Strategists see more similarities -- her relatively safe seat in a state that Democrats value enormously, her reputation inside the party as a "team player," and a woman with a relentless work ethic and limitless grit. Even most House members had no idea that the congresswoman secretly battled aggressive breast cancer in 2008 as she underwent a battery of tests and seven surgeries, telling her colleagues about her illness only in 2009 when she was declared cancer free.

Although Wasserman Schultz doesn't have a tough race of her own to worry about this year, you're sure to see her on television anyway as Democrats put her out front as a national spokeswoman for the party in 2010 and for years to come.

6. Mary Fallin -- No woman has been a serious contender to run Oklahoma until now; Republican Congresswoman Mary Fallin is poised to become the state's first female governor. "She has a strong legislative record, she's been elected at the state level, and she can raise money," said Leslie Sanchez, a veteran of Capitol Hill, the Republican National Committee and the George W. Bush White House. "She's seen as a rising star in a big way."

Fallin (rhymes with "Palin," who has endorsed her) has spent years working her way up the ladder of state politics, serving as a state legislator, as the state's first female lieutenant governor (for 12 years), and as a member of Congress since 2007 (just the second woman to represent the state). Despite her trailblazing ways, the conservative congresswoman is not only a known quantity in the state, she seems to be right in line with most Oklahomans. She's staunchly pro-life and an ardent defender of gun rights. A Rasmussen poll released this week shows Fallin trouncing her potential opponents by between 9 and 23 points, depending on which Democrat wins the chance to face her in November.

7. Susana Martinez -- This Latina Republican and dynamic district attorney was already on national politicos' radar as she promised to "end corruption" in her bid to fill New Mexico Gov. Bill Richardson's shoes (a none-too-subtle slap at Richardson's ethical problems in his waning days as governor). But strategists say it was her decision to follow Arizona Gov. Jan Brewer's lead and advocate a tough approach to illegal immigration that got Martinez over the finish line in the state's Republican primary. Although she stopped short of endorsing the Brewer bill, she's pushing a reform without amnesty, and has called for her state not to grant drivers licenses or lottery scholarships to illegal immigrants.

Martinez will now face Lt. Gov. Diane Denish, guaranteeing that New Mexico will have its first female governor come January. Until then, look for national GOP leaders to tout Martinez as a perfect example of the party's big tent when it comes to diversity, but tough-on-crime approach to illegal immigration.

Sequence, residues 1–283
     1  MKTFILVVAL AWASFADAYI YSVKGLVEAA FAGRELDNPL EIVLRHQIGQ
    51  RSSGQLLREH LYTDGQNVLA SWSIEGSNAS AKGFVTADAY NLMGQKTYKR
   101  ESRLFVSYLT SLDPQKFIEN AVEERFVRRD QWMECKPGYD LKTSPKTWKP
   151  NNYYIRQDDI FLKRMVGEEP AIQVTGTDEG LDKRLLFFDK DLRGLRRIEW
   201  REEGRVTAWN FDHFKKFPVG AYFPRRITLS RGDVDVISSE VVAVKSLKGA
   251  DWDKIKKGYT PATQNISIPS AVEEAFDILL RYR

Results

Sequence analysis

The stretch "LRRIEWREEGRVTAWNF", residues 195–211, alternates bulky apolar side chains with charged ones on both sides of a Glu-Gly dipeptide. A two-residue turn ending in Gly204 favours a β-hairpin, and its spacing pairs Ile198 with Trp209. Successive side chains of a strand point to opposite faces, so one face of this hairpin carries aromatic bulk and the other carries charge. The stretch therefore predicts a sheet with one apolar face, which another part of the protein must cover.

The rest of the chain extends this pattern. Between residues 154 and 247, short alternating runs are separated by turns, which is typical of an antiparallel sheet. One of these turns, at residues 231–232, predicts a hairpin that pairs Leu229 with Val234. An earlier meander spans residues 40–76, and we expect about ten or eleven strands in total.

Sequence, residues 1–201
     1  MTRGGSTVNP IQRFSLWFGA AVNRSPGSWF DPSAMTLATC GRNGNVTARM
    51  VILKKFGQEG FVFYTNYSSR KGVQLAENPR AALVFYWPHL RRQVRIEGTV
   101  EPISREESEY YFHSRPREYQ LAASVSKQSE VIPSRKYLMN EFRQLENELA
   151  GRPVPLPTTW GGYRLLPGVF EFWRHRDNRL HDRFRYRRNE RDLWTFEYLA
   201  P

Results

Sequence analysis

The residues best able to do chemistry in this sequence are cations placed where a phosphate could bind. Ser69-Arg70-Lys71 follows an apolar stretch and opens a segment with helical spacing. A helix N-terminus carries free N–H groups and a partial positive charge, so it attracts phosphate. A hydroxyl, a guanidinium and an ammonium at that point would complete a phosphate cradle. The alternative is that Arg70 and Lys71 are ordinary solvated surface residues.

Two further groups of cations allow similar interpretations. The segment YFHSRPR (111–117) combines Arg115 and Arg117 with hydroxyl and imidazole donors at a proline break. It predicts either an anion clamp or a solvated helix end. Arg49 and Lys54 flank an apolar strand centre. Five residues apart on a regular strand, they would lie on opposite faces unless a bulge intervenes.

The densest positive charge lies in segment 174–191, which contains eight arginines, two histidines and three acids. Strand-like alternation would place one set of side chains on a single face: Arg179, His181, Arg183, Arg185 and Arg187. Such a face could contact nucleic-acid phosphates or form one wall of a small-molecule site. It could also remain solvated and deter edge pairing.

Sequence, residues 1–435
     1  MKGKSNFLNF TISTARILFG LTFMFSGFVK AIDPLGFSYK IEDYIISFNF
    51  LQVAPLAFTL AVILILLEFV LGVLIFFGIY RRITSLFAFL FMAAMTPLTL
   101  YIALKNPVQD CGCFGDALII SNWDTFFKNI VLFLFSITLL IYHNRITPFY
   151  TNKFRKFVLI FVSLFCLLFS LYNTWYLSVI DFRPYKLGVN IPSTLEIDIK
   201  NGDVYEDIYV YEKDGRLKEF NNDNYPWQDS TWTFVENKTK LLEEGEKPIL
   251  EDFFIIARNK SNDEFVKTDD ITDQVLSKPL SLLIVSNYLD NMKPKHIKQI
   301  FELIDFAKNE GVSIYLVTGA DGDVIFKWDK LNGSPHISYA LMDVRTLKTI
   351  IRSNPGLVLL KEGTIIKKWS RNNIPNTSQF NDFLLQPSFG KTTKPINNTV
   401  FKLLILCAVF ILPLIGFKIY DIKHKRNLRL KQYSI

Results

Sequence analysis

8. Jaime Herrera -- The 31-year-old Washington state legislator and former congressional aide is running to replace retiring Democratic Rep. Brian Baird. Despite her relative youth, Herrera has out-raised her male opponents for the Republican nomination and nailed down several high-profile endorsements -- including that of her former boss, Rep. Cathy McMorris Rodgers (R-Wash.), a top Republican in the House leadership, and former U.S. Sen. Slade Gorton. She also caught the attention of the NRCC in Washington, D.C., and the Women Under 40 PAC, which pegs her as a rising star.

"Jaime is the poster woman for the importance of the pipeline," said Katie Vlietstra, president of the Women Under 40 PAC. "She's a member of the Washington State House and has a fantastic mentor in Congresswoman McMorris Rodgers. She has all of the building blocks in place to ensure her success in November."

9. Reshma Saujani -- This 34-year-old Yale law grad seems to be thriving on Manhattan's East Side by breaking all the rules, including the one about not running against a safe incumbent from your own party. In this case, Saujani is taking on veteran Rep. Carolyn Maloney in New York's usually yawn-inducing Democratic primary this year. As Annie Groer reported in June, Saujani declared recently, "The last time I read the Constitution, it didn't say anything about waiting in line."

Saujani is breaking other rules, too, like the one Democrats have concocted about painting Wall Street as the villain in the American economic meltdown. The former hedge fund trader says the Wall Street reform bill championed by Maloney and other Democrats goes too far in punishing the big banks, and will only hurt the American economy in the end.

Whether or not there's a method to her madness, it's working in her favor for now. She's attracted attention and plenty of money from financial titans in New York City, and even a vote of confidence from Mayor Michael Bloomberg's lady friend, Diana Taylor. She also landed herself on the front page of Thursday's Washington Post, quite a feat for the daughter of Indian immigrants who didn't, in her words, wait in line.

10. Terri Sewell -- Sewell's short-term political future will be decided next Tuesday, when Alabama holds a Democratic runoff for the House seat of retiring Rep. Artur Davis. But no matter what happens, Sewell has already built a record of success that would have most high achievers calling it a day.

The Harvard-trained lawyer was the first black valedictorian at her high school in historic Selma, Ala. From there Sewell went on to Princeton, where she was named one of Glamour Magazine's College Women of the Year, then Harvard Law School and Oxford University in England. She worked as a corporate lawyer in both New York and Alabama, where she also worked pro-bono cases for school districts looking to raise money.

Since 2008 was the year for breakout African-American stars like Barack Obama and Mayor Corey Booker of Newark, N.J., Sewell's backers want to see her join the new guard in 2010 as well.

Follow Patricia Murphy on Twitter @1PatriciaMurphy